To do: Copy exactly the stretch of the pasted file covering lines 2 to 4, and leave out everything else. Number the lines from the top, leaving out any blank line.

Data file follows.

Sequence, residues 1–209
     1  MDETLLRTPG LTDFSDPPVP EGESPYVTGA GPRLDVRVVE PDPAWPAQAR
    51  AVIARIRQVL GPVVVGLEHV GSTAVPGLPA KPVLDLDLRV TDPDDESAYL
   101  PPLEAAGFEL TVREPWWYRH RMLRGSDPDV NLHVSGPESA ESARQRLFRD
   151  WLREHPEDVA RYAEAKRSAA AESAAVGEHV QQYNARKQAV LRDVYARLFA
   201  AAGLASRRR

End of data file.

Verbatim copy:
     1  MDETLLRTPG LTDFSDPPVP EGESPYVTGA GPRLDVRVVE PDPAWPAQAR
    51  AVIARIRQVL GPVVVGLEHV GSTAVPGLPA KPVLDLDLRV TDPDDESAYL
   101  PPLEAAGFEL TVREPWWYRH RMLRGSDPDV NLHVSGPESA ESARQRLFRD